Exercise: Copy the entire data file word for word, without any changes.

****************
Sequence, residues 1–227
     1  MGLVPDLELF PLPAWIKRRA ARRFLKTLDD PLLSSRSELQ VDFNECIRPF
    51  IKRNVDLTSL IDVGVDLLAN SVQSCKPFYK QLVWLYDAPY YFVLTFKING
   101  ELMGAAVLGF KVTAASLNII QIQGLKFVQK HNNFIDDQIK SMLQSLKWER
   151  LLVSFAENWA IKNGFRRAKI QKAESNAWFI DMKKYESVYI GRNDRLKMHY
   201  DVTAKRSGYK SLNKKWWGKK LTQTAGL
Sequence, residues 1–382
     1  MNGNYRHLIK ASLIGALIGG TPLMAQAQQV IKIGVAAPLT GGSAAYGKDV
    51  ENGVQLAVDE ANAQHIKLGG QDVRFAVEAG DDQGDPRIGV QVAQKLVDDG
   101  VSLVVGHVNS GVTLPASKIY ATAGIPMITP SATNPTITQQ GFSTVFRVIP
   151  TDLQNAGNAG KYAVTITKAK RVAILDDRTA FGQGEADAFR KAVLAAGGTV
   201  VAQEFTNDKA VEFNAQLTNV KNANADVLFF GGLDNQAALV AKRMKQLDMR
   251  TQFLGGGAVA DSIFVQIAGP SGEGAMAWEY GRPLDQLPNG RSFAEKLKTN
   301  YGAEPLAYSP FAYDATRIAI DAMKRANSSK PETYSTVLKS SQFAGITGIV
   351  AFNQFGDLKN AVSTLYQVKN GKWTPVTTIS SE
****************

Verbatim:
Sequence, residues 1–227
     1  MGLVPDLELF PLPAWIKRRA ARRFLKTLDD PLLSSRSELQ VDFNECIRPF
    51  IKRNVDLTSL IDVGVDLLAN SVQSCKPFYK QLVWLYDAPY YFVLTFKING
   101  ELMGAAVLGF KVTAASLNII QIQGLKFVQK HNNFIDDQIK SMLQSLKWER
   151  LLVSFAENWA IKNGFRRAKI QKAESNAWFI DMKKYESVYI GRNDRLKMHY
   201  DVTAKRSGYK SLNKKWWGKK LTQTAGL
Sequence, residues 1–382
     1  MNGNYRHLIK ASLIGALIGG TPLMAQAQQV IKIGVAAPLT GGSAAYGKDV
    51  ENGVQLAVDE ANAQHIKLGG QDVRFAVEAG DDQGDPRIGV QVAQKLVDDG
   101  VSLVVGHVNS GVTLPASKIY ATAGIPMITP SATNPTITQQ GFSTVFRVIP
   151  TDLQNAGNAG KYAVTITKAK RVAILDDRTA FGQGEADAFR KAVLAAGGTV
   201  VAQEFTNDKA VEFNAQLTNV KNANADVLFF GGLDNQAALV AKRMKQLDMR
   251  TQFLGGGAVA DSIFVQIAGP SGEGAMAWEY GRPLDQLPNG RSFAEKLKTN
   301  YGAEPLAYSP FAYDATRIAI DAMKRANSSK PETYSTVLKS SQFAGITGIV
   351  AFNQFGDLKN AVSTLYQVKN GKWTPVTTIS SE